Reference is made to your news item ‘Meeting between T&T PM, unions fails to resolve issues’ (SN, Jul 28). I was in Trinidad and met with the supporters of the labour movement in front of the PM’s office when that meeting took place. I interviewed many of the workers there about their demands. I also conducted a survey on the demands of the workers and their threat of a national strike.
At the conclusion of the meeting with Prime Minister Kamla Persad-Bissessar, the labour leaders, with fists in the air, shouted “war, war” against the government and this call was echoed by many present. However, in my private one-on-one interviews with some of the workers, not all were supportive of this statement from their leaders. Also, opinions in Trinidad were not favourable to the union movement demanding higher salaries.
The NACTA poll interviewed three hundred people representing the demographics of the population. Asked if they supported the unions’ declaration against the government, an overwhelming 65% said no with only 20% saying yes.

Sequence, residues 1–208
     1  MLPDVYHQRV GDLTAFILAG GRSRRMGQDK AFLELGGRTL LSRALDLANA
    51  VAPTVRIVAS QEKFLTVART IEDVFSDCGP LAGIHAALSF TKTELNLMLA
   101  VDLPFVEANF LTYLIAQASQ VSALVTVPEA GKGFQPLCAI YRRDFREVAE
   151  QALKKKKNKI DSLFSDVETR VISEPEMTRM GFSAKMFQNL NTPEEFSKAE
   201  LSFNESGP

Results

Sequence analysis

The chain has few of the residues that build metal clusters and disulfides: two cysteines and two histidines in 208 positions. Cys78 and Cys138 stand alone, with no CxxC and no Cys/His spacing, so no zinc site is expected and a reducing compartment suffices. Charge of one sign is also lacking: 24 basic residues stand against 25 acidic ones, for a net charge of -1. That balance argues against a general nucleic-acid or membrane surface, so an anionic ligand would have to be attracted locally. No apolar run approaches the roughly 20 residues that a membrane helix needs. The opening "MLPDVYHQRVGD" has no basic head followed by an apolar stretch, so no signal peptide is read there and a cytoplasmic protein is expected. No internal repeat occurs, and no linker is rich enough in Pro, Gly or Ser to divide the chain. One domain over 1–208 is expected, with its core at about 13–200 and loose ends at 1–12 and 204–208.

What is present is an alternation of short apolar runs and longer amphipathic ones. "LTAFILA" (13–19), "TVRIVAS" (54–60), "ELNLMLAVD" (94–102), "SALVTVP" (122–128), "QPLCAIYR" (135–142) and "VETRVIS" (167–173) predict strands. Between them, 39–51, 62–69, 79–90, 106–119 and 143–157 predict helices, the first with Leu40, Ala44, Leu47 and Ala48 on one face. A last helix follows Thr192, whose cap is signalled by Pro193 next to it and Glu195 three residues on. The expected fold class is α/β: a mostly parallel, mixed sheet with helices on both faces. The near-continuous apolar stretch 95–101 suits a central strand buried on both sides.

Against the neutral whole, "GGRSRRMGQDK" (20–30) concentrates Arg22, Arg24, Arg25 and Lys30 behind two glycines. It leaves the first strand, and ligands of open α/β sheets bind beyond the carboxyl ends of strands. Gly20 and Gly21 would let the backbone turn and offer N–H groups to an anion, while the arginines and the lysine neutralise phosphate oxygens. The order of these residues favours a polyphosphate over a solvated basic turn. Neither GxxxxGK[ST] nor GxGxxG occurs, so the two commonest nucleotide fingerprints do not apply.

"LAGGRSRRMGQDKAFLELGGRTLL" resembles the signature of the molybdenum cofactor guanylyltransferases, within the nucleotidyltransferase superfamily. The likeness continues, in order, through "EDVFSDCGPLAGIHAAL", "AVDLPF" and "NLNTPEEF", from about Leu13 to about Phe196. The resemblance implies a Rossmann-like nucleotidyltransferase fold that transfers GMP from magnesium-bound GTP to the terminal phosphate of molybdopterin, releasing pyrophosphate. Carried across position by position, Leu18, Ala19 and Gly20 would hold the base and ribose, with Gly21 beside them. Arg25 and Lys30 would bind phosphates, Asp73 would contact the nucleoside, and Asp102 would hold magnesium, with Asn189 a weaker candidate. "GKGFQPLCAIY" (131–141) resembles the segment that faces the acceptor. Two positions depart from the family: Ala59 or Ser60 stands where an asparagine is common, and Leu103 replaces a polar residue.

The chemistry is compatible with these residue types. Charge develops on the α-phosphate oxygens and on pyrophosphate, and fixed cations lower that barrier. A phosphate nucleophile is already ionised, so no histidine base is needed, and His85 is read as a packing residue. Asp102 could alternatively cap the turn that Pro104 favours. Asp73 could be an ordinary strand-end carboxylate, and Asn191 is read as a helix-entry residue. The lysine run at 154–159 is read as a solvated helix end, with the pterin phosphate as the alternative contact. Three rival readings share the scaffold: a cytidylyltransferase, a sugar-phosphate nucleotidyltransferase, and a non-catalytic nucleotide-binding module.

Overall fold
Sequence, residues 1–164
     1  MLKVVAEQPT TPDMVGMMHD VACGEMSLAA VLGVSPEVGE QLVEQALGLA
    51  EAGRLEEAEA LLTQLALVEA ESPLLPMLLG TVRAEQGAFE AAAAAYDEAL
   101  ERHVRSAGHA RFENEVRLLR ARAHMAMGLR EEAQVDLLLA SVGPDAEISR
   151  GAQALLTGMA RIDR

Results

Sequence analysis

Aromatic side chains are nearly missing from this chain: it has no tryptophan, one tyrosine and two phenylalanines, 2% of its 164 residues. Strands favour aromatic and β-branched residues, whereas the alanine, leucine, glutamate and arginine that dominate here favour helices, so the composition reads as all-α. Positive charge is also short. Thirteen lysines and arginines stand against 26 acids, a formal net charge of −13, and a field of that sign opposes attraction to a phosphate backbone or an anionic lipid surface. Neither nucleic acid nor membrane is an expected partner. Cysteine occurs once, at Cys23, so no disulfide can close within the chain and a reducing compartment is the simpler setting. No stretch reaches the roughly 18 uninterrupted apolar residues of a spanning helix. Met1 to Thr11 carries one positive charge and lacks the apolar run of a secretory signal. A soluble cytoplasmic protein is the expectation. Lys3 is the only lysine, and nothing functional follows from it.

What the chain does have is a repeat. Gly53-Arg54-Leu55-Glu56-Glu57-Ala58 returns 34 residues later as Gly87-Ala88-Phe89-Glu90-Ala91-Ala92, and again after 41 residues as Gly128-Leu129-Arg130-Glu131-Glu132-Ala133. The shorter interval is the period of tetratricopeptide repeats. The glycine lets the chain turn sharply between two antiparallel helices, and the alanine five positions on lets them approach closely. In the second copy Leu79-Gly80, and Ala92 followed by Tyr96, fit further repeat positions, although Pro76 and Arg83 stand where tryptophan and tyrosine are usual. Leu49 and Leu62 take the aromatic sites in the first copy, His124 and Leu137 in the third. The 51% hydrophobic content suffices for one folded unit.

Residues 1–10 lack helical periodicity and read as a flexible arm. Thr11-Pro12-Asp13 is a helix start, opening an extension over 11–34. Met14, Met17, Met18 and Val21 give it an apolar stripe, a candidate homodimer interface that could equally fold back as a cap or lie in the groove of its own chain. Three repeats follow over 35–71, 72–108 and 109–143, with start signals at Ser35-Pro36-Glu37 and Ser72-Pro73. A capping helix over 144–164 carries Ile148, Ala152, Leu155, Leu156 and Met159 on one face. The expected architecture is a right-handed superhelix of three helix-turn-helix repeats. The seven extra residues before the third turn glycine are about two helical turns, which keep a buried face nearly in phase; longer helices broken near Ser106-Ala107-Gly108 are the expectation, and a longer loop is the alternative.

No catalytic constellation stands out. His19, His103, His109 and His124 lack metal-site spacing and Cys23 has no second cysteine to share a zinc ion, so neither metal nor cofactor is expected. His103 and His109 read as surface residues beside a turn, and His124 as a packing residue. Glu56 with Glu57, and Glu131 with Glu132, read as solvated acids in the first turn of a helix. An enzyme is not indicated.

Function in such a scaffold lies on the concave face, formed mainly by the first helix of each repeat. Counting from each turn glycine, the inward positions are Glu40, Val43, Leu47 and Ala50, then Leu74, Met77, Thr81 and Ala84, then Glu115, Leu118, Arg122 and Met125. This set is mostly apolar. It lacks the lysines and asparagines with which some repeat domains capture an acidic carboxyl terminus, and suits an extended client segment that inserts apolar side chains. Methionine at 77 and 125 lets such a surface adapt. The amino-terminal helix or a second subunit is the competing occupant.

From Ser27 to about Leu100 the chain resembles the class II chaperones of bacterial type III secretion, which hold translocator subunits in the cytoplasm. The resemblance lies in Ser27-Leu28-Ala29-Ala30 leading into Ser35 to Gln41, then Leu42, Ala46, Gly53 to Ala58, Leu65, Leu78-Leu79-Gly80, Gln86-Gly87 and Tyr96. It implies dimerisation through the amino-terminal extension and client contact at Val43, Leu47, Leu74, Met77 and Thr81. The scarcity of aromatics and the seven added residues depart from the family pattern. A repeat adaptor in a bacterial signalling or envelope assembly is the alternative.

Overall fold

Asked if they supported the unions’ threat to shut down the country in a nationwide strike, 69% said no with only 18% saying yes.
Some people said the unions were not sensitive to the vulnerabilities of the economy. Even many state employees were against industrial action saying this would damage the economy hurting innocent people.
Asked if they supported Kamla’s position on labour negotiation, meeting with the unions and not giving in to their demands, 61% answered in the affirmative with 29% answering in the negative.
They praised the Prime Minister for her firm stand in not caving in to labour pressure. They said they liked the idea of Kamla flexing her muscle, asserting her authority and showing she was no push-over. They felt she should not give in to labour’s strong-arm tactics.
They overwhelmingly praised the PM for pursuing dialogue instead of the confrontational approach of the labour movement.
Asked if the government had been fair to labour, 57% replied that the government had been compassionate and had treated labour fairly since it came into office in May 2010. Many felt in the light of the current economic slump and a flat economy, workers should not be making demands that would hurt the economic recovery.
They urged that the workers put country first until the economy improved before seeking pay raises.
Supporters of the government, the labour unions, the opposition and the private sector urged that the labour conflict be settled peacefully without a strike.